- U.S. building emissions increased 3% from 2010 to 2020, and without significant interventions, this trend looks set to continue through 2050, according to a new body of research conducted by sustainability consulting firm 3Keel and building manufacturer Kingspan.
- That performance contrasts with reductions seen in other G20 nations, the firms’ November 2023 Global Retrofit Index Interim Report found.
- Over the next 20 years, the U.S. must cut building emissions by an additional 73% to align with national net-zero emissions goals, according to a Nov. 14 release Kingspan shared with Facilities Dive.
The study, which builds on an analysis conducted in 2022, assessed historical building emission trends and retrofit rates to pinpoint disparities between current initiatives and measures required to meet climate change goals. Barriers to retrofitting national building stocks that the study identified include workforce skills shortages, access to private investment and a limited awareness among the public, according to the report.
Even as GHG reductions in buildings are stalling in key European countries and starting to plateau in the UK, U.S. buildings’ rising demand for energy is expected to counteract future energy efficiency gains, resulting in a net increase in building emissions, the report said, citing a 2018 decarbonization brief from the Center for Climate and Energy Solutions.
3Keel and Kingspan’s report suggests that retrofitting can accelerate decarbonization measures in buildings, creating new jobs and improving occupant health. The five “crucial enablers” of a successful retrofit implementation, the report said, involve setting net-zero building performance standards, developing a national retrofit plan, providing financial incentives and support, upskilling the workforce and scaling that supply chain and promoting best practices and data transparency.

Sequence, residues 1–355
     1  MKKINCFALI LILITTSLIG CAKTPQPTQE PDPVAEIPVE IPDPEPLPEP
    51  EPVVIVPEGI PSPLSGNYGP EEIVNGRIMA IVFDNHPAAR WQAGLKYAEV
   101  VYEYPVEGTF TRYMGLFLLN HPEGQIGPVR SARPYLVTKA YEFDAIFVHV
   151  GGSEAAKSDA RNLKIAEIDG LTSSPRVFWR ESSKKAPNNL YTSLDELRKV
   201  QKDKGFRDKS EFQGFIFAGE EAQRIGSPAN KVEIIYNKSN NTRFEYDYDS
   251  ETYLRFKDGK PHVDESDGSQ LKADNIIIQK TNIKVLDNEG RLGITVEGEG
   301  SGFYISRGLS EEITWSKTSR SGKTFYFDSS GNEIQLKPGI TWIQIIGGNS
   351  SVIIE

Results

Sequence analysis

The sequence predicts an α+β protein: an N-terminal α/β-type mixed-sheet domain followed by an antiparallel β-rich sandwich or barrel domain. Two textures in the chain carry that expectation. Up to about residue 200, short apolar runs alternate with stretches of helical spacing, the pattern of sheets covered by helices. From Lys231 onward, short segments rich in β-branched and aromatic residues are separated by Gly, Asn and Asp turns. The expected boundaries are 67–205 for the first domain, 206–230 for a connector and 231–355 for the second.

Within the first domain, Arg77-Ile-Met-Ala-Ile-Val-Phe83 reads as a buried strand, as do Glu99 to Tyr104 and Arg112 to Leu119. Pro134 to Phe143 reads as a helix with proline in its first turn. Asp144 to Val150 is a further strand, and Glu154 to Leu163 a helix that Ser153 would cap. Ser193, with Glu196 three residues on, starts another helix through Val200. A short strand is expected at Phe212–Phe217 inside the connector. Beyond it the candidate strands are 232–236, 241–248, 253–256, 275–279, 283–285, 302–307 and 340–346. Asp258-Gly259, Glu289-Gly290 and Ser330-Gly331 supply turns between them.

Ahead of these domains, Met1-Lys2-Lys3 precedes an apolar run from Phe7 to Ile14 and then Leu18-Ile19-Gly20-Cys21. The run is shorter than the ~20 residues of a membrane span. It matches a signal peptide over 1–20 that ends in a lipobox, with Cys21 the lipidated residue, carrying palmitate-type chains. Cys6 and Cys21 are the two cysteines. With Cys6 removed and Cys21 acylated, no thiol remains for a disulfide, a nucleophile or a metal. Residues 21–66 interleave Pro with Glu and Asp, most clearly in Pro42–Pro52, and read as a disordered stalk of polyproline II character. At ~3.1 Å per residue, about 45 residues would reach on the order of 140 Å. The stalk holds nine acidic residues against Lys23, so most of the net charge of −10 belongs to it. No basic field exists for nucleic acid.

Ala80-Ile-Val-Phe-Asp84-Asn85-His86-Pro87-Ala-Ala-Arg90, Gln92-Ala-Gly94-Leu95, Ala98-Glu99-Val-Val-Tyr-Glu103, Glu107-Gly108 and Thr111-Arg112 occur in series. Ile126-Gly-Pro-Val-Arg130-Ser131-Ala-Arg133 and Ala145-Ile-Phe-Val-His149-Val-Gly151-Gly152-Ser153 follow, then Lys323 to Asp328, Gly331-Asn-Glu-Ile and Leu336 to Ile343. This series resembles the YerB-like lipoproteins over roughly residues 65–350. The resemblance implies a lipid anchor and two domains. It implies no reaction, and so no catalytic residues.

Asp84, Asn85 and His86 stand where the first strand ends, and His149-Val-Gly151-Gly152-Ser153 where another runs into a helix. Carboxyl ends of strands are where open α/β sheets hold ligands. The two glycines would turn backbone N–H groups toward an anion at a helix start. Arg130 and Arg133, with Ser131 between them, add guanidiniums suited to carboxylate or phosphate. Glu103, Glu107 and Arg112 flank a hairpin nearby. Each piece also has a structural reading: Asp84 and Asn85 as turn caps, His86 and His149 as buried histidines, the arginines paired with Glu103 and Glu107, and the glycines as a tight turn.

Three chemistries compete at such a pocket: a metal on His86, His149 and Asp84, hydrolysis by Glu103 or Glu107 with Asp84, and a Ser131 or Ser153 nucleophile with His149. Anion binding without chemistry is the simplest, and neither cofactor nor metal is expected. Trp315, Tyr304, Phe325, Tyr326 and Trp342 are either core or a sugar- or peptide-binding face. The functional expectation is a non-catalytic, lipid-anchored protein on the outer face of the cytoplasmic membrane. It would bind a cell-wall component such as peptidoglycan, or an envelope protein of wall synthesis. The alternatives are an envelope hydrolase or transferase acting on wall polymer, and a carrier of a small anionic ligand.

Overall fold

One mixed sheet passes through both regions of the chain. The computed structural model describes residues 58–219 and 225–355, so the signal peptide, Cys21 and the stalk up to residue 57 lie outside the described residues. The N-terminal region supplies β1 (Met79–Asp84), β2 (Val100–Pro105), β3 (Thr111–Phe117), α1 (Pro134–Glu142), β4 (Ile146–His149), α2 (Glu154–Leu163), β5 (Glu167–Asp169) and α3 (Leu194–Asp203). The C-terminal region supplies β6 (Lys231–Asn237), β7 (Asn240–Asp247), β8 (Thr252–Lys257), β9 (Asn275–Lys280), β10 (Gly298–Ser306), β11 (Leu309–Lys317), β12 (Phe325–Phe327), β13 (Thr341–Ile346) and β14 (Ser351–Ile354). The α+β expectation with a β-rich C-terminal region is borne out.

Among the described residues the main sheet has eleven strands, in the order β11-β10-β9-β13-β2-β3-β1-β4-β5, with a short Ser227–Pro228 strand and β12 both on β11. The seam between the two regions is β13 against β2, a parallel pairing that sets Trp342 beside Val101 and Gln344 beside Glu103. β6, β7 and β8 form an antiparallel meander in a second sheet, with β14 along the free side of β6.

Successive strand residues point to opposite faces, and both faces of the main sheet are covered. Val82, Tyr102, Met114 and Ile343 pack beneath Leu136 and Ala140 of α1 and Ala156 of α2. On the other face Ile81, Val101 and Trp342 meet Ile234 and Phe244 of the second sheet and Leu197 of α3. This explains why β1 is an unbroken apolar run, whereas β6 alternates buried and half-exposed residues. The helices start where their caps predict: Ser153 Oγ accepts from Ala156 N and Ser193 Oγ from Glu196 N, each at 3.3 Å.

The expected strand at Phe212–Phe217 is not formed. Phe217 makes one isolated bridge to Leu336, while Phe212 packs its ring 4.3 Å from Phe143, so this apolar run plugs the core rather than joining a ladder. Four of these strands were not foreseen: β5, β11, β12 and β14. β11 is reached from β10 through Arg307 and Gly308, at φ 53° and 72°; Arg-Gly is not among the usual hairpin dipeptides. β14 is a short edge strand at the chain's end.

Federal, regional and local government bodies must collaborate to create “consistent and stringent building standards,” accompanied by legislative implementation frameworks, to ensure that buildings are able to comply with net-zero standards, the report says. However, the levels of funding that the Inflation Reduction Act provides “do not appear to be sufficient to meet the size of the [emissions reduction] challenge,” the report states, citing a 2022 study by Rhodium Group that examines the IRA’s impact on emissions.
Brent Trenga, Kingspan’s director of sustainability in North America, attributes the U.S. building emissions increase, in part, to delays, postponements and ambiguities in updates to building energy codes across many U.S. states. “Building codes are not moving fast enough,” Trenga said in an interview. “The adoption of building codes and energy codes goes through very long cycles … and each state has its own ability to adopt [these codes] whenever it wants.”
Delays in code adoption and implementation have been partially driven by pushbacks from facilities managers, architects and builders amid concerns about prohibitive costs. Wisconsin, for example, blocked a proposed commercial building code update that advocates said would reduce emissions and generate more energy and cost savings following opposition from state building and contractor associations.
On the upside, costs of moving away from fossil fuel use in buildings are becoming less cumbersome, Trenga said. “An easy step to decarbonize is buying renewable energy,” he said. “Buildings that are not in urban contexts … should really be looking at [clean] energy and on-site photovoltaic generation. If that’s not available, the next logical step is buying renewable energy directly from the utility grid.”